Gum Disease and Cancer Connection

Daniel Vinograd

cancer cellsIf you thought the benefits of brushing your teeth were limited to clean teeth and fresh breath, you may be underestimating the importance of the daily ritual.

Recent research has found that poor dental hygiene could increase your risk of colon cancer.  The research, conducted by a cooperative effort between the Schools of Medicine and Dental Medicine at Hebrew University found that Fusobacterium nucleatum, a common oral bacteria, may inhibit the immune system from fighting cancer.

Study co-authors Dr. Ofer Mandelboim and Dr. Gilad Bachrach found that the bacteria interacted with colon cancer cells to make them less vulnerable to TIGIT, a recently discovered immune cell that may block the spread of cancer.

The bacteria has been previously linked to a host of health issues, including stillbirth, premature birth, and heart disease.  The US National Institutes of Health reports that a pregnant women with gingivitis (common during pregnancy), developed a respiratory infection and her child was stillborn.  The NIH reports the respiratory infection may have weakened the woman’s immune system sufficiently to allow the F. nucleatum bacteria access to her uterus via her bloodstream.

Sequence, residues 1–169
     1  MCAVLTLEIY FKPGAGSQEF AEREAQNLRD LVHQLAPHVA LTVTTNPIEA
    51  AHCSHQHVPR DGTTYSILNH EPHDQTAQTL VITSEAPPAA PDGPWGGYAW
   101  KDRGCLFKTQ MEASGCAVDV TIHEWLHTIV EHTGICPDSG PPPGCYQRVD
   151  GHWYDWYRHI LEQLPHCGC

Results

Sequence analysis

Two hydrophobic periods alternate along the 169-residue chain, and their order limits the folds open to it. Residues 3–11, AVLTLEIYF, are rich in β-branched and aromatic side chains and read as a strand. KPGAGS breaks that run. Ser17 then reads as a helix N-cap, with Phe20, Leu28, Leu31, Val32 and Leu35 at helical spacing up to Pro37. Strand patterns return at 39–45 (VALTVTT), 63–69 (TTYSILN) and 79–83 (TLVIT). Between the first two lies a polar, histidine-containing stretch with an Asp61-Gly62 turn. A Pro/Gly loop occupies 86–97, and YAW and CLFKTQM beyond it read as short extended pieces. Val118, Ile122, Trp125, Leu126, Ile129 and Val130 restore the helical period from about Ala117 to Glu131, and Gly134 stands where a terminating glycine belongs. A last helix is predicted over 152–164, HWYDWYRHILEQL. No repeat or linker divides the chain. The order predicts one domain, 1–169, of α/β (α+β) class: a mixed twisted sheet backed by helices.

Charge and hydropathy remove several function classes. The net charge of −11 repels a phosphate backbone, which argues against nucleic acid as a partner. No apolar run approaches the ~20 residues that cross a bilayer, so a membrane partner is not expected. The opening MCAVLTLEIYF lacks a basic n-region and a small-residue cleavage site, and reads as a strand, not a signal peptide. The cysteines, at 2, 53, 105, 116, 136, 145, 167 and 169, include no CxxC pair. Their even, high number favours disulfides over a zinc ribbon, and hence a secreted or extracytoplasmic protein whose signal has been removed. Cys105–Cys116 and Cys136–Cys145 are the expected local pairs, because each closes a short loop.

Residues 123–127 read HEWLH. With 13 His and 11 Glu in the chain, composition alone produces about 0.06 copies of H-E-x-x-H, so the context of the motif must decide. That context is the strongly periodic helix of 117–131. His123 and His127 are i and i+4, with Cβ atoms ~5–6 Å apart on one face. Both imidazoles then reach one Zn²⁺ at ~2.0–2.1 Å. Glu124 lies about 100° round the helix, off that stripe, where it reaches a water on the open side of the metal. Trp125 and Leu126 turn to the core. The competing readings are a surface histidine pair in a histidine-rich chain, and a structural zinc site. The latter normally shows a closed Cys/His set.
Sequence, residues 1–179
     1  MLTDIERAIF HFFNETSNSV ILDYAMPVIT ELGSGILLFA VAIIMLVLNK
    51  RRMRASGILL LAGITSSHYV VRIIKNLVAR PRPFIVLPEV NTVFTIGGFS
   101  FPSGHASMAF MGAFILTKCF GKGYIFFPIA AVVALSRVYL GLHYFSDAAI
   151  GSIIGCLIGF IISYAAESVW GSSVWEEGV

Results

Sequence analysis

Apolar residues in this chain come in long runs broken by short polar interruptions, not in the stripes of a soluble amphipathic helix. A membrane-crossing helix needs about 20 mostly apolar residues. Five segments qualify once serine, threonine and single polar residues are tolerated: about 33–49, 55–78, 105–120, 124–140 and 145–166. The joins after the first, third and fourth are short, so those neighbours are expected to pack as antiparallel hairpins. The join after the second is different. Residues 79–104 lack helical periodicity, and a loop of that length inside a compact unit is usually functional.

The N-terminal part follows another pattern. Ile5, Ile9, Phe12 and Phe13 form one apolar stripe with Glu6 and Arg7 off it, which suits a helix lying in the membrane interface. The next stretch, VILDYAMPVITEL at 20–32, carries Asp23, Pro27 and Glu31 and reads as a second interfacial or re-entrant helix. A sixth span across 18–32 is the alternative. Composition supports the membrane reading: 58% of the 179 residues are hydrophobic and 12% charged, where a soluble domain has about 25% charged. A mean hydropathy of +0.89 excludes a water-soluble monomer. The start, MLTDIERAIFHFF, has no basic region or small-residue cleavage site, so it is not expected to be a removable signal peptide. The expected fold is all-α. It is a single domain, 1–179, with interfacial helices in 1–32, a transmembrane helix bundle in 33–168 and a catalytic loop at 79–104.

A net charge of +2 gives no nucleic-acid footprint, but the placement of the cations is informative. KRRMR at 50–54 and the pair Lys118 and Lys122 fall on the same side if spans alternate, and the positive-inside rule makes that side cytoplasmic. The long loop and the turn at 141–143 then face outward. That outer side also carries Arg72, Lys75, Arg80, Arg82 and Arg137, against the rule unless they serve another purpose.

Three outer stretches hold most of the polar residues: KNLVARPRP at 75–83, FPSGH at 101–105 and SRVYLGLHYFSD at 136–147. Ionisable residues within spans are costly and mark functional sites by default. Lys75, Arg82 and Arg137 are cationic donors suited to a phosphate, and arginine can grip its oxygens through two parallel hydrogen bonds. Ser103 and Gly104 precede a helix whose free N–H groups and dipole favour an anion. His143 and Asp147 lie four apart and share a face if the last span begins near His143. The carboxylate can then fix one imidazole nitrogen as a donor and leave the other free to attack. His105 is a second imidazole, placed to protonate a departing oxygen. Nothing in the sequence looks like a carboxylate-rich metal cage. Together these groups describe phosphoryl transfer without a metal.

This is the first study that shows a definite connection between the bacteria and deterioration in the health of cancer patients.

When the bacteria reached the colon cancer cells, a protein known as Fap2 in the outer membrane attached to the TIGIT cells and inhibited their function, compromising their ability to attack the cancer cells, which allowed the cancer cells to spread.

Oral bacteria finds its way to the colon in exactly the same way it ends up anywhere else in the body, via the bloodstream.  This research could lead to new ways of fighting cancer.  If the bacteria is interfering with the ability of immune cells to fight cancer, then keeping the bacteria from interacting with either cancer cells or immune cells could improve the body’s ability to fight cancer.

One member of the research team explains the next step is to find out if removing the Fap2 protein from the bacteria, or finding a way to prevent it from binding to TIGIT could improve the outcomes of cancer patients.

An individual’s risk of cancer depends on a variety of different factors, such as age, lifestyle, environment, and genetics.  Brushing and flossing everyday may not necessarily lower your cancer risk significantly, but good oral hygiene can certainly minimize the bacteria in the mouth and keep it from migrating to the colon.

 

Call for a free oral cancer screening: (619) 640-5100

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Dr. Daniel Vinograd, DDS |
10450 Friars Rd, San Diego, CA 92120 |
Phone: 619-630-7174    •    Dr. Vinograd, DDS, is a Dentist in San Diego, CA, offering services as a periodontist, and providing teeth whitening, dental crowns, invisalign, implants, lumineers, dentures, root canals, holistic, family and cosmetic dentistry.


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